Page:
NEW DELHI (Reuters) - Indian opposition leader Rahul Gandhi filed his papers on Thursday to run for parliament from a southern constituency, aiming to strengthen his Congress party’s prospects in a region where the ruling Hindu nationalists have a limited presence.
Although surveys show Congress is trailing Prime Minister Narendra Modi’s Bharatiya Janata Party (BJP) in the elections that begin next Thursday, the race is tightening.
Gandhi, the fourth generation of the Nehru-Gandhi dynasty that has ruled India for much of its history since independence from Britain in 1947, picked Wayanad in Kerala as his second constituency, in addition to the family borough in the north.
“I am here to send a message that south India is important,” he told reporters as thousands of party members lined the streets of the small town in welcome.
Modi’s BJP has its core base of voters in India’s north and west, playing second fiddle to regional parties across the south, except for Karnataka, home to the technology hub of Bangalore.
But the party has been trying build its presence in the region, especially Kerala, where the Congress and a communist party are the main players, and where Gandhi is looking to galvanise party workers through his candidacy.
He was accompanied by his sister, the charismatic Priyanka Gandhi Vadra, who plunged into active politics in January in another move Congress hopes will add momentum to its campaign.
Gandhi said his candidacy emphasised the unity of India and contrasted with the Hindu-first vision of the nationalist Rashtriya Swayamsevak Sangh that Modi was tied to.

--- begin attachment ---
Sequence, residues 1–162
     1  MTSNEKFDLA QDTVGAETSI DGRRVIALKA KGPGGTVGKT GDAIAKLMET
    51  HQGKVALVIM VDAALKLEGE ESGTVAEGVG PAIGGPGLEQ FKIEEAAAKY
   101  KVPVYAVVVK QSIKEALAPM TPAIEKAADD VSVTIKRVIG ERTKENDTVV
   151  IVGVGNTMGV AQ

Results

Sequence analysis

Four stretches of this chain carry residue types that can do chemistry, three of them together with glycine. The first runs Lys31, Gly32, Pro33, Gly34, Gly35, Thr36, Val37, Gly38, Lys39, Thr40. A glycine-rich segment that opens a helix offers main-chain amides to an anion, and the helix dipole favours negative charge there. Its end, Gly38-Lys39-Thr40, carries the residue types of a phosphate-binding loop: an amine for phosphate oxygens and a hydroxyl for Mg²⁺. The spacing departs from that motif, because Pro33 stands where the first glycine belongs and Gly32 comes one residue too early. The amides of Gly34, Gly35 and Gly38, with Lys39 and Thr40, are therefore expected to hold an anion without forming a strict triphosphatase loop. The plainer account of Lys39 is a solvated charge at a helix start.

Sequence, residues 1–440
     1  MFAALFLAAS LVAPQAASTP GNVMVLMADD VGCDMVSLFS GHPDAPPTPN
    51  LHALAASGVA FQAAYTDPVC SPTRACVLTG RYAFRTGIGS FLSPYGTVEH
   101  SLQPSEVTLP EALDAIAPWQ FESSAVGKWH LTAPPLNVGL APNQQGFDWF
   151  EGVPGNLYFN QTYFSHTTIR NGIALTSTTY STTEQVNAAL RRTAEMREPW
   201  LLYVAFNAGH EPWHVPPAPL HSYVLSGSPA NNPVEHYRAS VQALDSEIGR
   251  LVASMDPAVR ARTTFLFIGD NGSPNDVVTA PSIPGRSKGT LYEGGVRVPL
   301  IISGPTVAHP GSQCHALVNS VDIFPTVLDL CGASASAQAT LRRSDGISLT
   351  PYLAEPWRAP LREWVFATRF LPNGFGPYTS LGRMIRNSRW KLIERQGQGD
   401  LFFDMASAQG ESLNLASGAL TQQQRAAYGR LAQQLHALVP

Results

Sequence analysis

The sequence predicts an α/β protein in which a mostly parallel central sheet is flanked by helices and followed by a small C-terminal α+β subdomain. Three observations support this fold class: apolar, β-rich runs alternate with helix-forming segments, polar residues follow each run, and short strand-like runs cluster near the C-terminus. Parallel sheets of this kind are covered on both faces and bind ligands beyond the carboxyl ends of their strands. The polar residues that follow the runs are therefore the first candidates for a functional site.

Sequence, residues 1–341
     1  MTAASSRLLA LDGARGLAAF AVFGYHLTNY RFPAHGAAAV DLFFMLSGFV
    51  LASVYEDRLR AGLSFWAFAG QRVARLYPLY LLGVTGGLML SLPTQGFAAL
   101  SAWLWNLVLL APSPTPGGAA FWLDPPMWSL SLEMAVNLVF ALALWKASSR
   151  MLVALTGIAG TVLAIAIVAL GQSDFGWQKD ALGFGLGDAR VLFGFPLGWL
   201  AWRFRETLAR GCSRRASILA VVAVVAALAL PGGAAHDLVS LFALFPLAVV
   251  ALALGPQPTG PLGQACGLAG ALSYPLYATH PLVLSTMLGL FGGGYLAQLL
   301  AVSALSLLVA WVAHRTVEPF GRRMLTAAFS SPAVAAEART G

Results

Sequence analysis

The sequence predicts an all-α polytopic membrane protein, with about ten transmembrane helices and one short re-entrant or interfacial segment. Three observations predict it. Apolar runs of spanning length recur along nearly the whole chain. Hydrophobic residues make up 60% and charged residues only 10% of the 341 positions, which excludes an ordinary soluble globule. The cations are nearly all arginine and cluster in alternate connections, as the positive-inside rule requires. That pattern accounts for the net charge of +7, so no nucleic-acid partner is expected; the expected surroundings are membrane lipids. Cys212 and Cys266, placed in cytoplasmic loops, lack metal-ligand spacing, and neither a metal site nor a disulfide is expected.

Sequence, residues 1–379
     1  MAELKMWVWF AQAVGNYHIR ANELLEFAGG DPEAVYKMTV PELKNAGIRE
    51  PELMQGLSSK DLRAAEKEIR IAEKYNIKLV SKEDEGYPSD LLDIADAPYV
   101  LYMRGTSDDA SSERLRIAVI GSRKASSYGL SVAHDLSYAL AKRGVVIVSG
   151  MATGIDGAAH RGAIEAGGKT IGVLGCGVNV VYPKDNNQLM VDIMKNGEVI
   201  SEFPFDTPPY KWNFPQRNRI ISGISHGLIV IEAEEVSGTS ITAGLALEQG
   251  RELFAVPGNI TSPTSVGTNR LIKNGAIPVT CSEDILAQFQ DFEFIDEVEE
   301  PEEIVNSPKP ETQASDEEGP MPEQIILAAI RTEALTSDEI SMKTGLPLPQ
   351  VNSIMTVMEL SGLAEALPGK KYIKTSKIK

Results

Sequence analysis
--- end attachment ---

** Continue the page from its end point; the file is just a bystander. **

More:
“There is a feeling in south India that the way the government, RSS and Narendra Modi are working... many people in the country feel that their culture, language and history are under attack,” he added.
Kerala has a significant population of Muslims and Christians in a predominantly Hindu India. Muslims form nearly 27 percent of the state’s population of about 33.4 million, and Christians roughly 18 percent, census figures show.
Congress has accused Modi and aligned right wing groups of pursuing a partisan agenda of attacking Muslims and changing school textbooks in efforts to shape the national identity to reflect their view, that India is a nation of, and for, Hindus.
The BJP denies bias against Muslims, but says it opposes appeasement of any community. Muslims account for 14 percent of India’s population of more than 1.2 billion, which is almost 80 percent Hindu, census data shows.
Gandhi is also running from Amethi, in India’s most populous state of Uttar Pradesh, which sent his father, former prime minister Rajiv Gandhi to parliament, as well as his grandmother Indira Gandhi, another former prime minister.
Indian election rules allow candidates to run for more than one seat in parliament. But the BJP was quick to attack Gandhi for running in two constituencies, saying he was not sure he would win.
However, Modi himself ran from two constituencies in the 2014 election, Varanasi in the north and Vadodara in his western home state of Gujarat, carrying both.
Reporting by Subrat Patnaik in New Delhi; Editing by Sanjeev Miglani and Clarence Fernandez